A child’s first Major League baseball game is always something to treasure. A child has many firsts in their life. And for a parent, it is extra special to be there to witness those events. Your child’s first steps, their first words, the first time they ride a bike on two wheels – all fantastic firsts for the child and the parent. But their first ball game is always something they will remember for the rest of their life.
Now let me tell you, my son is a diehard Cubs fan. For most of his twelve years on this earth, he has followed the Cubs with a passion. His bedroom is painted Cubby blue with one wall painted in the Cubs logo red. As often as he can, he’s listens or watches the games. His heart rises and falls with every run, every error and every out.
On a cool but absolutely beautiful August day, my son’s dream of seeing his Cubs play a game in the historic Wrigley field was realized – and all thanks to the kindness of a stranger.
This day started about a month ago with a conversation about the Cubs with a young lady named Courtney. After I shared how much of a Cubs fan my son was, Courtney asked if he had ever been to a game. I stated that going to a game had never been able to be fitted into the budget but my son understood that.
Nothing more was said on the subject at the point.
About an hour later, I ran into Courtney again at a local fast food restaurant. As I was finishing up my burger, Courtney approached and explained that she had talked to her fiancée and they agreed that every kid deserved the opportunity too see a Major League ball game especially since he was such a fan of the Cubs. She then handed me a check to cover the cost of tickets, food and maybe even a souvenir. I was speechless! I tried to decline but she insisted. I tried my best not to break down crying as I hugged her and said thank you for such a generous gift.
My son too teared up when I showed him the check the next day. From that point on, his excitement grew in anticipation of his first Cubs game.
Fast forward to August 14th. Excitement bubbling over in both of us! As we jumped on the Redline L-train, another first for him, his giddy smile never left his face. His eyes grew big as Wrigley field came into view in the train car’s window. The faint smell of hot dogs and beer tickled our noses as we stepped onto the platform. Just a few more steps and we would be there.
We arrived just minutes before the park opened. His only words were “This is so cool” and “I can’t believe we’re here”. You could light up half of Chicago with the energy coming off this kid.
As the gates opened and we made our way to find the section with our seats, even my excitement grew. It had been 30 years since I last set foot in Wrigley Field to watch the Cubs play the Dodgers. Now I get to retrace my steps and my memories with my son. Back then, though I was a Dodger fan, there were a few Cubbies I liked. As a 13 year old kid, I watched my favorite players like Ron Cey, Ryne Sandburg and Bill Buckner. Today, my son would have the chance to watch his favorite players, Stalin Castro and Anthony Rizzo.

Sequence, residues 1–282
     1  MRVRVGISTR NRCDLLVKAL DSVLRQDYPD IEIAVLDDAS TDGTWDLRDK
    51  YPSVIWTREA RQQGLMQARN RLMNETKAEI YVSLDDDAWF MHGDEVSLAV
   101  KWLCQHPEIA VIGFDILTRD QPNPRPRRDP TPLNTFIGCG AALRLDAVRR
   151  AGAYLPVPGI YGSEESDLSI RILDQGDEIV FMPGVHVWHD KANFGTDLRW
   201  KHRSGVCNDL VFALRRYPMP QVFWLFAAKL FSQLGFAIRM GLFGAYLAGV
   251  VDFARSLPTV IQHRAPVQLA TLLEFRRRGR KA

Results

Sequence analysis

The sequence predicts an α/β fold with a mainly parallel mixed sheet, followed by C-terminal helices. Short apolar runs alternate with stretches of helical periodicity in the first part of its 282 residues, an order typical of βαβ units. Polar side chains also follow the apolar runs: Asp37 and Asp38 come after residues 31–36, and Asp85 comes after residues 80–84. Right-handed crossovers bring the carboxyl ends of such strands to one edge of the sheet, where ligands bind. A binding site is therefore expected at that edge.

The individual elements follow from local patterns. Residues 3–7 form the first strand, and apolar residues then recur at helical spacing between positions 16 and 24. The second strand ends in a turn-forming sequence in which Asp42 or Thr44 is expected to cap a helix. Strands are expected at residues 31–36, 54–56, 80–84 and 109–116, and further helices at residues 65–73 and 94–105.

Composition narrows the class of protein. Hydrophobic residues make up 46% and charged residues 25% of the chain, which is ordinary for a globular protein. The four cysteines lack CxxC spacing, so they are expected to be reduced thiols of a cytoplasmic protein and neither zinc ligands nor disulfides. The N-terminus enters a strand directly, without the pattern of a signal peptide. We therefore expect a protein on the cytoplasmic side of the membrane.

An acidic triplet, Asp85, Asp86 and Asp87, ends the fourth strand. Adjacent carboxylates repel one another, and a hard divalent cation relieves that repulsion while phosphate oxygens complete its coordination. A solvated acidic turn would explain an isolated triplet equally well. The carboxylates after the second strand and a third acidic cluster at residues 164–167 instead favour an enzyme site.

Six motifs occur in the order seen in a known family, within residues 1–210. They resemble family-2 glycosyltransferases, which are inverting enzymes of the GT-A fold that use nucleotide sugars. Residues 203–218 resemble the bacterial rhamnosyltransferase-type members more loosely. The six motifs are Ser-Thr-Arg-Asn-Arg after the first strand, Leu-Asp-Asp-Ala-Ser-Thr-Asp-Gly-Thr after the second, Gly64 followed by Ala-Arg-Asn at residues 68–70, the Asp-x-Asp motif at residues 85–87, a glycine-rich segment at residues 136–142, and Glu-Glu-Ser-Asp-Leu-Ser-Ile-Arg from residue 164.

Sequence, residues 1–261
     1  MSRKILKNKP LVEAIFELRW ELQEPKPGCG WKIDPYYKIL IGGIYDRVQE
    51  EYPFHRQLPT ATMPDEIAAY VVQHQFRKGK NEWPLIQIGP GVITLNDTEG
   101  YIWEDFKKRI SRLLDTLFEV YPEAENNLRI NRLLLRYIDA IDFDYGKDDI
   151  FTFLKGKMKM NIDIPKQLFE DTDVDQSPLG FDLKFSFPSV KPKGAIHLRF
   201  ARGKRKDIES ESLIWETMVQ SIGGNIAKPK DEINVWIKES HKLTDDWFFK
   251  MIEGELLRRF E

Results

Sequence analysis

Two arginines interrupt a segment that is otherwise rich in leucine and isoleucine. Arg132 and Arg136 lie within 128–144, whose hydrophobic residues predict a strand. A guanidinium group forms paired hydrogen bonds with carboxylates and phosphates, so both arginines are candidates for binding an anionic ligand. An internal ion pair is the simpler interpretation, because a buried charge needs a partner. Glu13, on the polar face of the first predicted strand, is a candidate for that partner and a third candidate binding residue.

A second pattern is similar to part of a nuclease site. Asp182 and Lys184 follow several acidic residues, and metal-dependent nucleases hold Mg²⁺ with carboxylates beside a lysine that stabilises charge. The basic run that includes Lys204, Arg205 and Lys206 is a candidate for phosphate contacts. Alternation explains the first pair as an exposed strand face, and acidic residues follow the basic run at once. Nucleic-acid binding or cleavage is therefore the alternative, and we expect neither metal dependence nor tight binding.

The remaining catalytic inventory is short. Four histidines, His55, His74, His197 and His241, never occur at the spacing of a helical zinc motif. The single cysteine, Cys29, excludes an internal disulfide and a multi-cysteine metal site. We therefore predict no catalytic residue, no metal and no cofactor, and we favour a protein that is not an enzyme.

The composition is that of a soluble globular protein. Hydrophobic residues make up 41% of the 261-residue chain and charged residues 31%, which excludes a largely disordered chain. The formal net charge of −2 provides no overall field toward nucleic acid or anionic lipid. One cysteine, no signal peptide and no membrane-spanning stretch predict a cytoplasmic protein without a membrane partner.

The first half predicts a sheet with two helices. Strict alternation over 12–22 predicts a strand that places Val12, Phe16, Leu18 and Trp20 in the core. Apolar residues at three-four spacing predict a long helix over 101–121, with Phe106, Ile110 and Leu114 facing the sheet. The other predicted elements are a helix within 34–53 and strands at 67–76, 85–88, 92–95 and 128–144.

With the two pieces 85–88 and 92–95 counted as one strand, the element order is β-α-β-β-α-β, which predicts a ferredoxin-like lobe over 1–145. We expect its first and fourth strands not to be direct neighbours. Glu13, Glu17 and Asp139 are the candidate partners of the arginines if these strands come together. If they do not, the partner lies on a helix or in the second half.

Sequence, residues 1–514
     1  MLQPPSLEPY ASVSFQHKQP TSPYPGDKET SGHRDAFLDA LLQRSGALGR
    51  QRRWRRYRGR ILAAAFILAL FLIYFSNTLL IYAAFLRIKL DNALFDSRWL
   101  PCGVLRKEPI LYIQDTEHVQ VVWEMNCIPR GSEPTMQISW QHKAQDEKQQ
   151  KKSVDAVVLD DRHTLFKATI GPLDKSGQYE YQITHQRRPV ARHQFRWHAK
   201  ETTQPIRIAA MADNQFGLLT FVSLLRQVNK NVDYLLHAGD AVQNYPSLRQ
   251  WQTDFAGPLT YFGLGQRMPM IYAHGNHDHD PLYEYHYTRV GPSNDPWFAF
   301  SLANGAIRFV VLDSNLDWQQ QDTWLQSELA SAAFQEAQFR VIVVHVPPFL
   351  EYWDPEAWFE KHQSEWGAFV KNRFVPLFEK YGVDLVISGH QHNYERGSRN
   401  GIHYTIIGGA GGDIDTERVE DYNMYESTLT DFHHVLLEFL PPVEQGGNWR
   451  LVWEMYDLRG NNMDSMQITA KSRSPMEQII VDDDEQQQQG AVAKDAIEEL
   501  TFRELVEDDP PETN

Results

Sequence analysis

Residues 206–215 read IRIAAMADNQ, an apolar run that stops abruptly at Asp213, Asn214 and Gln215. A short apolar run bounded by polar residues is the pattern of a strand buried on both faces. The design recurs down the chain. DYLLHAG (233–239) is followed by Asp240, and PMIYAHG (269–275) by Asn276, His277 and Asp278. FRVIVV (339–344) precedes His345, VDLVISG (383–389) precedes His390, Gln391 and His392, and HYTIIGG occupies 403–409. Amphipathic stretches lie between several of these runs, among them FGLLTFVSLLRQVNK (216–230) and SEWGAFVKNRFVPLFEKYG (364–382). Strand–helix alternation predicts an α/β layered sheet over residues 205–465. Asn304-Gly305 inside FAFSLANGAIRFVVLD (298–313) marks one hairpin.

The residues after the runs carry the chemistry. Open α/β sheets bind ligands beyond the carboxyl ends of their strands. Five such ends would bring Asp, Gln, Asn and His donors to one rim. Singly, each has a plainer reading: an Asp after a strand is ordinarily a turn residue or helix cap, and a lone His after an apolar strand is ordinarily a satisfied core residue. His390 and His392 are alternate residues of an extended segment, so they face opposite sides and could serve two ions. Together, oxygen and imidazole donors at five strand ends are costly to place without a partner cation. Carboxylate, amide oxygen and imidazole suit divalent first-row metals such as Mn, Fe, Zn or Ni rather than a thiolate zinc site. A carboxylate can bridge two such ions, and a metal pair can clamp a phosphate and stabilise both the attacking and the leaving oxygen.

But this was just the beginning. As we walked around the stands during battling practice, I spotted someone I knew my son would want to meet, his favorite author.
Back in June, I gave my son an autographed copy of the book 100 Things Cubs Fans Should Know & Do Before They Die written by a friend of mine, Jimmy Greenfield. My son was thrilled beyond belief and read nearly half the book the first day.
And to top off the moment, Jimmy, with the help of another ChicagoNow blogger David Wallach, present my son with a ball that had been used during batting practice. I tear up even now just thinking about the disbelief I saw in his eyes. My son clung to that ball for the rest of the day.
As the game began, we settled into our seats to enjoy a couple traditional ballpark franks, root beers and a side of fries. Micheal MacDermott’s rendition of our National Anthem and Chicago’s very own Tom Skilling’s 7th inning stretch Take me out to the Ballgame all added to my son’s day at the ballpark.
It wasn't the number of hits or great plays that were made. It wasn’t the number of runs that were scored. It wasn’t even whether our team won or lost. For my son this day was all about the experience.
I want to thank Courtney, Jimmy, David and Ed Nickow (who got us the tickets) for a day that neither my son or I will ever forget.
There are few things more wonderful for a parent than seeing sheer joy on the face of your child. The excitement, the wonder, the total disbelief all wrapped up into one marvelous expression in their eyes.
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